For the love of all that is holy, can we have a discussion about some interesting stuff with some interesting potential uses without getting in a useless fucking pissing contest about which clique of halfwit cockchugger commentards gets to claim a glorious victory?!
"For the love of all that is holy, can we have a discussion about some interesting stuff with some interesting potential uses without getting in a useless fucking pissing contest about which clique of halfwit cockchugger commentards gets to claim a glorious victory?!"
THIS!!! A THOUSAND TIMES THIS!!!
Would that I could upvote more than once.
Upvoted even though you criticized my post, not only because it was an eloquent critique, but because you managed to be eloquent and still work in the phrase "clique of halfwit cockchugger commentards"...
My local sports team is better than your local sports team.
> don't care if that's what the Google people gave you - even if it is, repeating it like it's meaningful belies either terrible laziness or an atrocious misunderstanding of basic technology.
Kinect-like hardware has been around fora few years now - heck, even Intel are pushing their 'RealSense reference to Laptop OEMs - so it would appear to be that the current bottleneck is actually the processing of the raw data. And accordingly, the article expanded upon the custom chips used to power this - making reference to the company's past announcement of a GPU/DSP mashup and speculating on the process size now used. Kinect has been around fora while, but when people have demonstrated it capturing data whilst it is being carried around, it has been tethered to a laptop with a fairly powerful GPU.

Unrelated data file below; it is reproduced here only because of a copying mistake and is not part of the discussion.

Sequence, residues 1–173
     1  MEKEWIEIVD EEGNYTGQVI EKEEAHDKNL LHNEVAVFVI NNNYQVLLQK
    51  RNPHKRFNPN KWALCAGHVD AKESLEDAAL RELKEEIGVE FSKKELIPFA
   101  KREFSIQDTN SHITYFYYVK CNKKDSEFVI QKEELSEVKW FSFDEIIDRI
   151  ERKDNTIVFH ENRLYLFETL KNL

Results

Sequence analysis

the next step to monetizing (sic) MY life.
Google, not content with capturing the entire public world via street cars and wifi slurping, now want to get access to *my* private space too.
What happens, when they replace the cameras intrusive 3d mapping with quietly effiecient sonar mapping? What happens when my friend who has it turned on and in his pocket, comes into my house and accidently maps all of *my* rooms? Where's my consent for keeping *my* space private?
What's the next step? Google endoscopes for slurping data about my body too (and we all know the orifice they'll use to gain access)?
Is this the Orwellian future we are sleep-walking into? Not one in which the state knows everything about us, but one in which private companies know everything about us, from our medical history, to our soft furnishings, to whom we communicate with and the brand of washing up liquid we use.
I'm guessing it will be useful but I'm also feeling it will be more expensive than just using a tape measure.
I want this on a drone
All this power on something as small and portable as a handset is incredible. Imagine being able to 3D map a building on the inside/outside and superimposing services and cable runs. Or repaint it in a different colour, or try different lighting plans. Fantastic!
TAKE MY MONEY!
Go study Quaternions for a Few Years
Then tell me if the Google skunk works is not close to extending Android to the real world.
Johnny Lee, also famous for...
...his wonderful TED talk back in 2008, using the Wii remote to do incredible things in 3D.
He posted all the relevant info online, iirc.
Very smart guy, Johnny Lee.